WildStar: Producer Says F2P Model Not Dead; F2P “Not A Magic Bullet” (PCGamesN.com)

It seems like such a waste of effort to have to explain why you’re NOT going Free 2 Play for a new AAA MMORPG.

Two years ago, the gaming community turned up their noses at F2P declaring an MMORPG had “failed” and was “worthless” if it swapped to that business model, let alone if that was the business model at launch. “Pay 2 Win” was freely associated with most every F2P game. Even now, there are quite a few MMORPGs that still have subscription models in some format: WoW, EVE, EverQuest II, RIFT (you can still subscribe for extras), TERA (same thing as RIFT), SWTOR (tons of bonuses for subscribing), FFXIV:ARR, and Elder Scrolls Online (launching next year), to name several.

I find it odd that gamers now expect F2P for AAA MMORPGs at launch? If it’s a good game, I have no issue subscribing for $15 a month. If it’s F2P and not P2W, I have no issues paying $15-$20 a month via cash shop items.

******************************
Not Jeremy Gaffney.

We’ve talked a couple of times to Carbine Studios’ Jeremy Gaffney in the last few months. He’s currently promoting his promising subscription MMO, Wildstar, and on each occasion he’s made the same broad point: in the massively-multiplayer market, things are not necessarily as they seem.

“Games that look very successful in free-to-play may or may not be making profit,” he told us most recently. And then added, cryptically: “Games that look unsuccessful in subscription may actually be more profitable.”

“Different games with different business models work in a very different fashion,” he said of his new game’s chances in a bustling field. “If you look at City of Heroes [which Gaffney produced] compared to Guild Wars, it looks like City of Heroes is a smaller game.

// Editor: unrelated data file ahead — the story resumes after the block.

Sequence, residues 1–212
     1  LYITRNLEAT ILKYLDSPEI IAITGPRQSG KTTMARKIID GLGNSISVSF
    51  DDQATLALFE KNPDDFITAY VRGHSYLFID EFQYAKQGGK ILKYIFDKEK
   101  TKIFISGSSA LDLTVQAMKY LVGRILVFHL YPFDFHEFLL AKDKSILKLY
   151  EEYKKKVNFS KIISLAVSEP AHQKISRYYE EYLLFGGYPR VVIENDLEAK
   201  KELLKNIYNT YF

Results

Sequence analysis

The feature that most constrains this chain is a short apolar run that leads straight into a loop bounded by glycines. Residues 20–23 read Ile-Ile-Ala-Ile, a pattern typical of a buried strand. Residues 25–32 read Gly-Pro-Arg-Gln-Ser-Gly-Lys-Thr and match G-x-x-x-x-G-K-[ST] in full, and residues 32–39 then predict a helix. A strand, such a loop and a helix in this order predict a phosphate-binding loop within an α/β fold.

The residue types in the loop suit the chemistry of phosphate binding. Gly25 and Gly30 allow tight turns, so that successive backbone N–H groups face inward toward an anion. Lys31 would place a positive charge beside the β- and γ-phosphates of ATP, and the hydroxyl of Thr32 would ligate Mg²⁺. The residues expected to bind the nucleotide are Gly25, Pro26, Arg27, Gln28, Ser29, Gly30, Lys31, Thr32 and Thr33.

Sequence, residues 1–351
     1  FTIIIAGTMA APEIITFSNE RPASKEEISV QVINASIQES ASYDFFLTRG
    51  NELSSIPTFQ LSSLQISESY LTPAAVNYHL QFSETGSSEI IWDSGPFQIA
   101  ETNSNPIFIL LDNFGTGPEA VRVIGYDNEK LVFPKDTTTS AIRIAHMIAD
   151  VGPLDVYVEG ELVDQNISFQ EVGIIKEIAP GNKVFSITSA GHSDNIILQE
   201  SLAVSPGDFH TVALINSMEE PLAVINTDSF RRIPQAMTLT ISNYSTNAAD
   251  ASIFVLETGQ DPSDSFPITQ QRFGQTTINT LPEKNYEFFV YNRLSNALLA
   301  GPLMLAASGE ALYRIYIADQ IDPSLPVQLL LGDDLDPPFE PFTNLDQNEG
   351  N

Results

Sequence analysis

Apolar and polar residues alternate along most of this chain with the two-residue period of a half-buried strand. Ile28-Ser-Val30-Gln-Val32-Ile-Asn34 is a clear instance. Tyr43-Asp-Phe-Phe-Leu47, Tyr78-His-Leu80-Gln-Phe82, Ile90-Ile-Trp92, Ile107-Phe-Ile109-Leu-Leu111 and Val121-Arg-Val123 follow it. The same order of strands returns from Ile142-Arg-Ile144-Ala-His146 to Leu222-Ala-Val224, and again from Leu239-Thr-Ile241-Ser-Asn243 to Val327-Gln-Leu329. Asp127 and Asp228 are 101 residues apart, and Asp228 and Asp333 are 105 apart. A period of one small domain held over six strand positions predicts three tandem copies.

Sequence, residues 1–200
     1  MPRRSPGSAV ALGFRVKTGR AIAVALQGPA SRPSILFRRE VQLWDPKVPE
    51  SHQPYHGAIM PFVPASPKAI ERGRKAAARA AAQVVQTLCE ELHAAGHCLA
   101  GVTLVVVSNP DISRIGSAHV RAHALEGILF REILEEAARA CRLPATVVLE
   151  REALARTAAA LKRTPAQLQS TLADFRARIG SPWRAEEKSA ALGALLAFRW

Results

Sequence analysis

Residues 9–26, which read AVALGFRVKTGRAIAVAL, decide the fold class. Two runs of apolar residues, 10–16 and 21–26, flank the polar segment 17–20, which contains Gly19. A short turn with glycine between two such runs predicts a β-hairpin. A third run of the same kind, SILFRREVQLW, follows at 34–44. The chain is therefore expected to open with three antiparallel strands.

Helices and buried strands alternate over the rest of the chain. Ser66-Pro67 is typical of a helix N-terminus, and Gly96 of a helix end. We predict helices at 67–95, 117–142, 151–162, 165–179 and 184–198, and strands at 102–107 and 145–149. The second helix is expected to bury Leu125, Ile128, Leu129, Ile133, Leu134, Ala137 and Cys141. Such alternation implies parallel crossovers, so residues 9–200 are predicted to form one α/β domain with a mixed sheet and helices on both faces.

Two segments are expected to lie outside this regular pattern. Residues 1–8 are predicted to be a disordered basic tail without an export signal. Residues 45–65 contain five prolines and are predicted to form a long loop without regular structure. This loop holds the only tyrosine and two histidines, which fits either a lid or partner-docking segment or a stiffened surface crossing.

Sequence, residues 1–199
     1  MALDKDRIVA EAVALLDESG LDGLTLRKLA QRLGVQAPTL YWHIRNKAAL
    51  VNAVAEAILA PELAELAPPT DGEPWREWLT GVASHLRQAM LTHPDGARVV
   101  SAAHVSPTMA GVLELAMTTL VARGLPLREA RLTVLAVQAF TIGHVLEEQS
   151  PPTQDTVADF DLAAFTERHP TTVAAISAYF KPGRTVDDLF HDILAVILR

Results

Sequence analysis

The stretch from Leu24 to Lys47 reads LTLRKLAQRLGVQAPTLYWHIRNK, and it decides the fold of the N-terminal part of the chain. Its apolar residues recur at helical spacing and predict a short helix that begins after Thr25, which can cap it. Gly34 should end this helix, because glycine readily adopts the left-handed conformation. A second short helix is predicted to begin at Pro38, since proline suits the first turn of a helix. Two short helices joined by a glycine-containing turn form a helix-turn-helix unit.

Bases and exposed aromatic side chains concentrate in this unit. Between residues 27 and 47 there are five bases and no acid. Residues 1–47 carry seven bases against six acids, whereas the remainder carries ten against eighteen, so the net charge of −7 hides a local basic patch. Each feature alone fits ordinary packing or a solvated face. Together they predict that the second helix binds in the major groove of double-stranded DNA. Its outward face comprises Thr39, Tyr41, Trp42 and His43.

“And it is, fewer people play City of Heroes, they peaked out at – I don’t know the numbers – something like 200,000. But 200,000 subscribers paying $15 a month, if you do the math, that makes about as much money as selling 6 million boxes, if they last long enough.”

Gaffney cited a “couple of reasons” for Carbine’s decision to steer clear of free-to-play for Wildstar. Both lie in the “variability” of the payment model.

“There’s variability as a player because you don’t know if you’re going to get sucked in and pay $1,000 a month, because some people do. As a publisher it’s a juggling act because most the games I’ve seen end up devolving to the point that 1 or 2% of the players are paying $100 or more a month and they’re actually funding most of the free players, which can be up to 70 – 80% playing completely for free.

“As a publisher [that variabililty] can be distracting because when you’re making money you never know when that’s going to go away. As a player it’s distracting because generally you have a very different experience if you’re playing for free – and if not, then why the hell pay?

“So free-to-play’s not a magic bullet.”

Instead, Carbine have adopted an Eve-like business model: CREDD. Players can buy CREDD items for real-world money from the developers, and trade them with a second group of players for in-game gold. This second group can then cash in their CREDD for game time and, if they’re earning enough gold, play the game for free indefinitely.

“A bunch of games have done similar systems,” said Gaffney on the system’s inspiration. “Eve’s is probably the most popular and the best known. So many people don’t know what PLEX is and so it’s tough to describe. It’s such an efficient way of taking players that want to pay a lot, who want to put extra money in the game, and then that directly funds other players game time and so it’s a lot more direct.

“So essentially one set of players create their time, [another] use money to pay for the sub, and it’s a win-win and it pisses off gold farmers because it’s a legal source of trading gold with other players and so gets in the way of gold farmers.

“And we like pissing off gold farmers, too.”

Hear hear. But what do you make of Gaffney’s assessment of the MMO market? This is a man who’s been around since Asheron’s Call, so tread respectfully.

Advertisements

One Response to WildStar: Producer Says F2P Model Not Dead; F2P “Not A Magic Bullet” (PCGamesN.com)

  1. Pingback: When ‘Free-To-Play’ Doesn’t Work Out | Gamemoir

Leave a Reply

Fill in your details below or click an icon to log in:

WordPress.com Logo

You are commenting using your WordPress.com account. Log Out / Change )

Twitter picture

You are commenting using your Twitter account. Log Out / Change )

Facebook photo

You are commenting using your Facebook account. Log Out / Change )

Google+ photo

You are commenting using your Google+ account. Log Out / Change )

Connecting to %s

%d bloggers like this: